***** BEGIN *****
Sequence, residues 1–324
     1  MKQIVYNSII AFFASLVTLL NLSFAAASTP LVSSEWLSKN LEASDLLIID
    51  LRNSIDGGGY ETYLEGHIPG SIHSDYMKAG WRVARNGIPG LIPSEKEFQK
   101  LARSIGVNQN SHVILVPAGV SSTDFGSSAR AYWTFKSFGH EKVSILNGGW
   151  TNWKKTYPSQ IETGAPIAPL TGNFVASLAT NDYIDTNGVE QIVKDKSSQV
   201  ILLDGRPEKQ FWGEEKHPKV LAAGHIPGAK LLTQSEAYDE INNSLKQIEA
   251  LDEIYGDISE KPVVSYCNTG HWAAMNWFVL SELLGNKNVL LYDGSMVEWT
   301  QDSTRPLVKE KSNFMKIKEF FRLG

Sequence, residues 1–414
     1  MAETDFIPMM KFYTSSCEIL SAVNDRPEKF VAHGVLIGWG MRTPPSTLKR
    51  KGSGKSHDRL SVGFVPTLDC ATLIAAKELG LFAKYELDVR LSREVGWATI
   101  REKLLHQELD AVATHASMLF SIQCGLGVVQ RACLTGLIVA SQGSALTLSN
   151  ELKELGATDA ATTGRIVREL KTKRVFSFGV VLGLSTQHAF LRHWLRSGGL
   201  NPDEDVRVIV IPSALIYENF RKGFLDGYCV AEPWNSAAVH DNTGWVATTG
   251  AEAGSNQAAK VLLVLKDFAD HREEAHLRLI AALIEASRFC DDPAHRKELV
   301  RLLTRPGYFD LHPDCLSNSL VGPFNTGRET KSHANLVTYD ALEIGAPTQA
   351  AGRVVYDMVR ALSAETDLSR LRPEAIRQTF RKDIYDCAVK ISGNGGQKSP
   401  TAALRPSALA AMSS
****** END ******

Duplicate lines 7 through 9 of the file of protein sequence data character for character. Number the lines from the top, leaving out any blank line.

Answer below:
   251  LDEIYGDISE KPVVSYCNTG HWAAMNWFVL SELLGNKNVL LYDGSMVEWT
   301  QDSTRPLVKE KSNFMKIKEF FRLG

Sequence, residues 1–414